Striking L.A. teachers are part of a national movement. But California is different
When Los Angeles teachers went on strike Monday, they followed a wave of strikes and demonstrations by teachers around the country.
In some ways, the L.A. strike is similar to those earlier actions. But there are also some big differences, as The Times reported earlier this month. The strike comes at a time when the L.A. teachers’ union is struggling against legal and political challenges to its influence and the increasing number of privately run charter schools, which compete with district-run schools for enrollment.
Here is a breakdown:
Why does the L.A. teachers’ union find itself at a crossroads?
For decades, United Teachers Los Angeles was the most influential force in the politics of the school system. But it has been unable, in recent elections, to match the campaign spending fueled by wealthy donors who support charter schools. These privately operated, mostly non-union schools now serve about 1 in 5 students enrolled in L.A. public schools. L.A. has more charters than any other school system.
The rapid growth of charters has created an alternate constituency of parents who support charters and may resent the dark way the union casts their schools.
FULL COVERAGE: LAUSD teachers’ strike »
In 2017, for the first time, charter-backed candidates won a majority on the L.A. Board of Education.
A Supreme Court ruling last year also has deprived UTLA, along with other California unions, of the right to collect fees from all teachers within its jurisdiction. Union membership — and the accompanying dues that fuel campaigns — essentially have become optional.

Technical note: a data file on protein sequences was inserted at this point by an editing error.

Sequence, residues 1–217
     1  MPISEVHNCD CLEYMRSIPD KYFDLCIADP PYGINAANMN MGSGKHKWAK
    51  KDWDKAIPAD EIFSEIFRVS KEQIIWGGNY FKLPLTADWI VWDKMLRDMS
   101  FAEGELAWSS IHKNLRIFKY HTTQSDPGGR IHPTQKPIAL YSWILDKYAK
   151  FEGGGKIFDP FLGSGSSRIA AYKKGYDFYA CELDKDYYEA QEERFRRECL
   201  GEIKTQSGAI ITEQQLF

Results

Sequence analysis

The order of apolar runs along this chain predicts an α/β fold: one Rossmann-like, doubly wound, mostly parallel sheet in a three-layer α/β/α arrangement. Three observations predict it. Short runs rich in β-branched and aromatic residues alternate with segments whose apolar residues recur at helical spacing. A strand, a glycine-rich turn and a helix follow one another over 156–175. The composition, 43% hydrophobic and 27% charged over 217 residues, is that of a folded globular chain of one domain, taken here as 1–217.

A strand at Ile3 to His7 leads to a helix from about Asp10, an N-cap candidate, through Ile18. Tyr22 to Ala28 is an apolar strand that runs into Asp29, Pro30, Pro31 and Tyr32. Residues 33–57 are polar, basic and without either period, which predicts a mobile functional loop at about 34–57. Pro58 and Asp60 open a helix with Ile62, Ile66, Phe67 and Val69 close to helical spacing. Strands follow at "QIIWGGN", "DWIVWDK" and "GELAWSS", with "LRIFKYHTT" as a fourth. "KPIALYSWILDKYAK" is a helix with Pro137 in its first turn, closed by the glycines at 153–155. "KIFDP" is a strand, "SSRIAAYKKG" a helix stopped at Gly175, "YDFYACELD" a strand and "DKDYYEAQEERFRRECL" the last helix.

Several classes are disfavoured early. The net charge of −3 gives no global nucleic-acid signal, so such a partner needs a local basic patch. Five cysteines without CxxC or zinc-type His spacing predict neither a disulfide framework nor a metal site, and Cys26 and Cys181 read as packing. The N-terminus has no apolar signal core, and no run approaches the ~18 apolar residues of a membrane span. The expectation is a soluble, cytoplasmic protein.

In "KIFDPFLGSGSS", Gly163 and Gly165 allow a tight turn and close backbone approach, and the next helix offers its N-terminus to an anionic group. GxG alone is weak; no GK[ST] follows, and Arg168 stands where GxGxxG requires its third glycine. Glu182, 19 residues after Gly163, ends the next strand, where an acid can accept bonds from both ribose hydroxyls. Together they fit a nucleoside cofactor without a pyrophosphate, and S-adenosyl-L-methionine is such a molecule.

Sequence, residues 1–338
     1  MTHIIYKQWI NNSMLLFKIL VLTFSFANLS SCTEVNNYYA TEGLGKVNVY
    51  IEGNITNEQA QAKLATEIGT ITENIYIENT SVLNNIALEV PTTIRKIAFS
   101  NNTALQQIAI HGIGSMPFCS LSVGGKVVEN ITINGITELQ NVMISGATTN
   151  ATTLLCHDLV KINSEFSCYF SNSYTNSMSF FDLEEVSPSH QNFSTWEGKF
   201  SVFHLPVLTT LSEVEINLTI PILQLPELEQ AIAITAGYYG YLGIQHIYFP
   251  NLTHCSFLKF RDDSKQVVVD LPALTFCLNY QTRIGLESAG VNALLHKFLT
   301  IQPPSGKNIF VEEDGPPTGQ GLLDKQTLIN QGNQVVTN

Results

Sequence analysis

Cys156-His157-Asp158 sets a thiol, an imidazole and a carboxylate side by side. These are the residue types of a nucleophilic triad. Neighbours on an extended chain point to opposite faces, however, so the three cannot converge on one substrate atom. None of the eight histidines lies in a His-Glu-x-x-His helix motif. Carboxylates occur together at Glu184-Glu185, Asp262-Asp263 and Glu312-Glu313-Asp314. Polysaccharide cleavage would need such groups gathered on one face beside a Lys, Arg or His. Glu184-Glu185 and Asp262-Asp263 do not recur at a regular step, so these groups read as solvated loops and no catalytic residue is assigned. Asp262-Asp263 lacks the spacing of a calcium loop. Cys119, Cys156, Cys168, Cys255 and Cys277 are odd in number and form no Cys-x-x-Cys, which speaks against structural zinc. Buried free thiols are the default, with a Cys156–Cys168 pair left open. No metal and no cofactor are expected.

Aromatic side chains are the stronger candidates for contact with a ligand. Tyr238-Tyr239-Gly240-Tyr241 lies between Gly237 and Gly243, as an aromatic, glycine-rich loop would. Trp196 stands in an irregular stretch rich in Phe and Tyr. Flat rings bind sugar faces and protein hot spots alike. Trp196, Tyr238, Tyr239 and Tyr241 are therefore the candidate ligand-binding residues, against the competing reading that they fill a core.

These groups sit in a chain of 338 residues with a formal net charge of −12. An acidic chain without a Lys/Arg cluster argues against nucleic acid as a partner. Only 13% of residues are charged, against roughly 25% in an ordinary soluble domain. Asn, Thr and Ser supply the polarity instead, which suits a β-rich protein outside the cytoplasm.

How does the L.A. strike fit into national movement?
Many of those strikes occurred in red states, including Oklahoma, Kentucky and Arizona, where teachers were widely perceived as victims of conservative Republican machinations.
In Kentucky, Republican Gov. Matt Bevin said that striking teachers would be responsible for unsupervised children being sexually assaulted, ingesting poison and beginning to use illegal drugs. He also accused teachers of being stupid and selfish in fighting for higher pay and against cuts to their underfunded pensions.
It turned out that many Kentuckians identified with teachers.
Teachers in Kentucky and elsewhere were able to take their issues directly to the state Capitol — the source of funding — and, in the eyes of many, the source of blame for budget shortfalls that caused suffering for teachers and students alike.
In conservative places, teachers were successfully fighting for liberal values. And laws against strikes turned out not to matter so much. Teachers enjoyed such strong public support that authorities did not dare enforce the laws.
How is the L.A. strike different?
An us-versus-them construct does not translate readily to California, where unions are among the state’s most powerful special interests.
And L.A. teachers must face off against a district whose leaders, including Supt. Austin Beutner, echo their union’s demand for increased state and federal funding for schools.
Union President Alex Caputo-Pearl and other union leaders are trying to put forward a complex argument on funding. While they argue that the state needs to do much more, they also says that L.A. Unified is hoarding a fortune — and that district leadership is choosing to starve its schools.
Meanwhile, financial experts brought in by L.A. Unified have reached different conclusions — supporting the district’s assertion that it faces potential insolvency in two to three years, even without meeting most union demands.
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